Thursday, June 14, 2018

Courtesy photo
            Rev. Tracy Heilman

Journeys in Faith

In my church and denomination, we hold dearly to this principle: in essentials - unity, in non-essentials - diversity, in all things - charity. We work to build consensus around primary values. We work to build respect in disagreements. We work to build love in all things.

As for me, I’m a Matthew 25 kind of Christian: “Come, you that are blessed by my Father, inherit the kingdom prepared for you from the foundation of the world; for I was hungry and you gave me food, I was thirsty and you gave me something to drink, I was a stranger and you welcomed me, I was naked and you gave me clothing, I was sick and you took care of me, I was in prison and you visited me. . . Truly I tell you, just as you did it to one of the least of these who are members of my family, you did it to me.”

Jesus isn’t referring to his biological brother and sisters. In Mark 3:34-35, Jesus redefined family: “Looking around at those seated around him in a circle, he said, ‘Look, here are my mother and my brothers. Whoever does God’s will is my brother, sister, and mother.’ ”

This was a radically reorganizing challenge for followers of Jesus. In that time, family organized one’s existence. Success consisted in having the right connections and in being related to the right people. Your work and your marriage were determined by your birth family. In spite of this, Jesus broadened the definition, to draw the circle wider, to claim as family people outside his tribe. He disrupted the status quo.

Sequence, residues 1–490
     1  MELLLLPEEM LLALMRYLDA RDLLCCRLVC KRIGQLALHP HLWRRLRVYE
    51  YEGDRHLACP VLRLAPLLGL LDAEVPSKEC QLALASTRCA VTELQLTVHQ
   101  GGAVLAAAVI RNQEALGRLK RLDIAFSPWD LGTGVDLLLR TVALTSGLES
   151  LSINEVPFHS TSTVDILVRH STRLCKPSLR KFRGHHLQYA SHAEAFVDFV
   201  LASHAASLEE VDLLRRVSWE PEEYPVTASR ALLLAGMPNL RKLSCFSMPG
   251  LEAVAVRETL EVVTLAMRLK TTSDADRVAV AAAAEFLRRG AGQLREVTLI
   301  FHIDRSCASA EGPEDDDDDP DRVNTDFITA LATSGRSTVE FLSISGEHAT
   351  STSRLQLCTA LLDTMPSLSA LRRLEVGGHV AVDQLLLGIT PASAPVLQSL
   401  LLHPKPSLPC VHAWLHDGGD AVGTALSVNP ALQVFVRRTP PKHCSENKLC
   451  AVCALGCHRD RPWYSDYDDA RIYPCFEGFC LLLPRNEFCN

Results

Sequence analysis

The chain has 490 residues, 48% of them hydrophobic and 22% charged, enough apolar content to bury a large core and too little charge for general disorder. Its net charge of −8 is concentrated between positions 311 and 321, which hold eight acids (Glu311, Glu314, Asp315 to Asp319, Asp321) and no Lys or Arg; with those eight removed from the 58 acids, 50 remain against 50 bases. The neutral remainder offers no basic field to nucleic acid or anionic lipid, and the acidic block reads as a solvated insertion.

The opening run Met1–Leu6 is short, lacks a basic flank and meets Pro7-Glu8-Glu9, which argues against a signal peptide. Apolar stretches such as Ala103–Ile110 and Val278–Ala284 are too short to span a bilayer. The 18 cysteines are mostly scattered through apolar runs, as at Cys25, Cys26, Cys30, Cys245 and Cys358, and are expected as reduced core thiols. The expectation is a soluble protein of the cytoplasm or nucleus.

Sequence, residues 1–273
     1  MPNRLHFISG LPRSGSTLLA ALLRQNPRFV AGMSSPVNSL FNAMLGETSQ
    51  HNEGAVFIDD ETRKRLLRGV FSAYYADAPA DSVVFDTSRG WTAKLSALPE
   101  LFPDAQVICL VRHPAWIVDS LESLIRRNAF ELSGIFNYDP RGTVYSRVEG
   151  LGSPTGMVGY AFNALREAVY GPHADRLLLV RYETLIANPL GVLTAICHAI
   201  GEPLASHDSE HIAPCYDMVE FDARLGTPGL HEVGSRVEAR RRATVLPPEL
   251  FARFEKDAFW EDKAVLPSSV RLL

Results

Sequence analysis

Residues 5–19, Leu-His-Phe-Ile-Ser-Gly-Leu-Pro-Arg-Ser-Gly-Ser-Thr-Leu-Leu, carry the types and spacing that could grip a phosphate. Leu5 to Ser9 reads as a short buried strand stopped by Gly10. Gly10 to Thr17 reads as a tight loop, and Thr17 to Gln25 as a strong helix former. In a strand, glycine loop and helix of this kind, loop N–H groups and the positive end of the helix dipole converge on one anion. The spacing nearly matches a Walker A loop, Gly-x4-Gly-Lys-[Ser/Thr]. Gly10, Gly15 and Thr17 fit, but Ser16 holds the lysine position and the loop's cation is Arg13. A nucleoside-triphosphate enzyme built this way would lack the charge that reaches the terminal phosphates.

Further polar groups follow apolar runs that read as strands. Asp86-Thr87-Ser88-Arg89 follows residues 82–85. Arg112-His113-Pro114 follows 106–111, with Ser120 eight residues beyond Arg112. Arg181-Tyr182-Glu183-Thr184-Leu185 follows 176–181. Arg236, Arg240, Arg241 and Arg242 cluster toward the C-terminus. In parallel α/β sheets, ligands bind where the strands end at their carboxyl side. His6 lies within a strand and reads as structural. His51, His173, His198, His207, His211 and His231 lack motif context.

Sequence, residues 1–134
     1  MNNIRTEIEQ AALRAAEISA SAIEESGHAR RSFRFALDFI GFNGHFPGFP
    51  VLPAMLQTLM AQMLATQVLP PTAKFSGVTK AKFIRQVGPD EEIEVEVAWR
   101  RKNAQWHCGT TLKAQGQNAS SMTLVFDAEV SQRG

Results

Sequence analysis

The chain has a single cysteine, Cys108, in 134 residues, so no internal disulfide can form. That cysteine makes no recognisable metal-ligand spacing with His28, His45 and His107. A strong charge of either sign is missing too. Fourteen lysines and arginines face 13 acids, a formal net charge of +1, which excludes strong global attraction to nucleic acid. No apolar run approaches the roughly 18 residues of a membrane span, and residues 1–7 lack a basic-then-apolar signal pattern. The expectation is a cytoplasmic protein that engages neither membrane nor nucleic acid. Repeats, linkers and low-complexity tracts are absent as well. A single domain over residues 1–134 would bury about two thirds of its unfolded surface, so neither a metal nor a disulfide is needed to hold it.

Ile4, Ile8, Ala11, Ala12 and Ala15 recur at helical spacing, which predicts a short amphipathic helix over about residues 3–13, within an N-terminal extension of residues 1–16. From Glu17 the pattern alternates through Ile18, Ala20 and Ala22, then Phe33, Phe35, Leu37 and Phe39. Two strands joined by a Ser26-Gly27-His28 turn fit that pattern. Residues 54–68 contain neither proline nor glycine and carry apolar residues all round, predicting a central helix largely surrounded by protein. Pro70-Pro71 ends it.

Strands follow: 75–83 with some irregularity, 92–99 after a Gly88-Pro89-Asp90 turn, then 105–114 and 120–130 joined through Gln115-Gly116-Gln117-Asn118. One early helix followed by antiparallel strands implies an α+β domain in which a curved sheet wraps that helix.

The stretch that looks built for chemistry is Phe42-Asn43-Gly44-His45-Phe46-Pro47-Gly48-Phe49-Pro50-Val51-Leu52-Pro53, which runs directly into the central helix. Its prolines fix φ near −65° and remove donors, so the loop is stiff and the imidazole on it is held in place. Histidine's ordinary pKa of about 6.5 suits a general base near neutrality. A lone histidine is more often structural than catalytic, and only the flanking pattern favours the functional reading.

Jesus did not define family by blood, race, or citizenship but by (a) relationship to God and (b) ties that bind all who seek to do the will of God.

Just as our struggle to figure out WHO WE ARE is an ancient one, so also is our struggle to figure out WHOSE WE ARE. Even though our sacred stories tell us over and over that we belong to God, we put our loyalty and commitment with those people and institutions that will not save and will not last. Despite God’s warnings, ancient peoples chose to place their faith and trust in the hands of human rulers. Oh, if only this were just an ancient story.

If we are honest, our primary allegiance isn’t really to God. Just look at the state of our world. I am not so naïve as to think that we can solve all the world’s problems simply by loudly and proudly proclaiming our faith. But I am disheartened by the unwillingness to bring our faith into the discussions of the world’s problems.

This is not politics; it’s from the Bible. Are we willing to accept and follow Jesus’ claim that we are no longer defined by blood or race, i.e. through him we become each other’s brothers and sisters? If we accept our new identity, how wide a circle of family will you draw? Bigger than citizenship? Will it include immigrant families who come here looking to work and raise children?

Friends, I hope my column might be unsettling. I would like it to cause many to renew the commitment to be people of God. Let us be united in the essential witness that we will live, move, and have our being as sisters and brothers to all others. Let us be unified in giving our allegiance to God who calls us to abundant love for all others.